Hack The Box — Fawn
HTB Tags: #Linux #AccountMisconfiguration #FTP.
This is the second box in their Starting Point series. Let’s follow the same level of enumeration, starting as always with
ping confirming availability of the target.
ping $IP -c 4
nmap -sV -sC $IP
This time, we are starting to utilise switches from nmap. In this case we are using
-sV which will probe open ports determining the service/version information. Within the switch, there are four sub switches that add functionality to the initial request.
- - -version-intensity <level>: Set from 0 (light) to 9 (try all probes)
- - -version-light: Limit to most likely probes (intensity 2)
- - -version-all: Try every single probe (intensity 9)
- - -version-trace: Show detailed version scan activity (for debugging)
The other switch we will use is
-sC allowing us to run a default selection of scripts from within nmap. Having looked at the options for
-sV this time to check the scripts we will use the help facility within nmap from the terminal.
Take some time to review the help file and understand the other available switches. Back to our nmap result.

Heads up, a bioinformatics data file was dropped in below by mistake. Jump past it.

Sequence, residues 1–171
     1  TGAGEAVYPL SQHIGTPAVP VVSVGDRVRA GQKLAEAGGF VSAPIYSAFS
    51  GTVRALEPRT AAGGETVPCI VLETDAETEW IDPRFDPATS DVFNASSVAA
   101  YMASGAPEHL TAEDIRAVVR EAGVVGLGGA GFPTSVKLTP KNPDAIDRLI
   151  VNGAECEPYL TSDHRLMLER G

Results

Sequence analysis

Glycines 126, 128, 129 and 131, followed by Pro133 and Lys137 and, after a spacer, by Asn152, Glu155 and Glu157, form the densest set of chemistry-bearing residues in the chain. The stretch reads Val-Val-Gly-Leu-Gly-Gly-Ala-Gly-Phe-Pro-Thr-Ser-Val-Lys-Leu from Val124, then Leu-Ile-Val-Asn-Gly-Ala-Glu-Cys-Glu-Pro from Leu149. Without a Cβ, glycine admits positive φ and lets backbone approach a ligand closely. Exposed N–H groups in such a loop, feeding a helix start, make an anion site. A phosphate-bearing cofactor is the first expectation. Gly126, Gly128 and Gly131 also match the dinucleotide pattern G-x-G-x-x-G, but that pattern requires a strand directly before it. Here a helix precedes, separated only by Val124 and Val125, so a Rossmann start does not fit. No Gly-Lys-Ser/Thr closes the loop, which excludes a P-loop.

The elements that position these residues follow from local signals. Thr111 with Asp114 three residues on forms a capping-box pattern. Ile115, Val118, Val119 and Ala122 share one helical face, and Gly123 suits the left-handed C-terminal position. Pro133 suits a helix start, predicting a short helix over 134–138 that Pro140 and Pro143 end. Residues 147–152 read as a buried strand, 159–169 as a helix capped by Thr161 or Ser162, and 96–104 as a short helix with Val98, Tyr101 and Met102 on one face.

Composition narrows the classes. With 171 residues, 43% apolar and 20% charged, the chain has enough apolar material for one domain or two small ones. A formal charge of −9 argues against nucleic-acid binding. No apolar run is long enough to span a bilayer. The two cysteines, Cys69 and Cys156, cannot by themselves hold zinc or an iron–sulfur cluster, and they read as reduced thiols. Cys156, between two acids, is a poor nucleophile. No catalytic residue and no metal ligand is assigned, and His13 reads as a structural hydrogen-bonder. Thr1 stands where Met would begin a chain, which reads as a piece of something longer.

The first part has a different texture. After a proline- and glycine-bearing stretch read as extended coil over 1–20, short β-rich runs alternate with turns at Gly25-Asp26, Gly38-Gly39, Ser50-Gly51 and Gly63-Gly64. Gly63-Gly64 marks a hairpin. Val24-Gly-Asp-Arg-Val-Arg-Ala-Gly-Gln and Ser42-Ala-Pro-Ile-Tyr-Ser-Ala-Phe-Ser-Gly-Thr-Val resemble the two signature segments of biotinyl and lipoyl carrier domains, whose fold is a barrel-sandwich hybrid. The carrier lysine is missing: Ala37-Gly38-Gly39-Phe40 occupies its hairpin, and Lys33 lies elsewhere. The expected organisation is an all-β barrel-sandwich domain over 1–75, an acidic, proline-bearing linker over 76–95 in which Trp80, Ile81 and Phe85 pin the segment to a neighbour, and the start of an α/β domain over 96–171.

We can see we have a specific port result of 21 showing a service of FTP. Further details as usual can be found at: https://www.speedguide.net/port.php?port=21
file transport protocol (ftp)
ftp is used to mainly upload/download files, normally web page content. This service can be secured by username:password combinations or indeed with an open service logging is as an anonymous user. From the nmap scan we can see the anonymous log in is an option.
ftp-anon: Anonymous FTP login allowed (FTP code 230)
Signing in with anonymous, we have access to those files and folders set within the boundaries of the ftp command. However in order to get the most of ftp, we need to understand the additional commands that are available. Simply type in
help to get the full selection.
You will have noticed that when you connected, the ftp service defaulted to binary mode to transfer files. In its own right you can download ASCII as default with binary image files and it is generally recommended that we use binary for executable files. In this mode, files are transferred in one-byte units. The other option if you are having difficulty is to change it to passive mode. This means that your target machine will work as passive accepting connections from the client rather than accepting connections directly from the server.
As mentioned previously the reason we use ftp is to upload and download files. The commands that we will focus on are:
getwill allow downloading of files.
mgetallows the downloading of multiple files
putif the service is writeable it will allow the uploading of files to the target.
Using Linux terminal commands we can navigate the accessabile areas and once the flag has been located download it to read.
Finally we get the flag.
Another simple training machine highlighting the ability to upload/download files using the ftp protocol. Remember it’s only simple when you know how!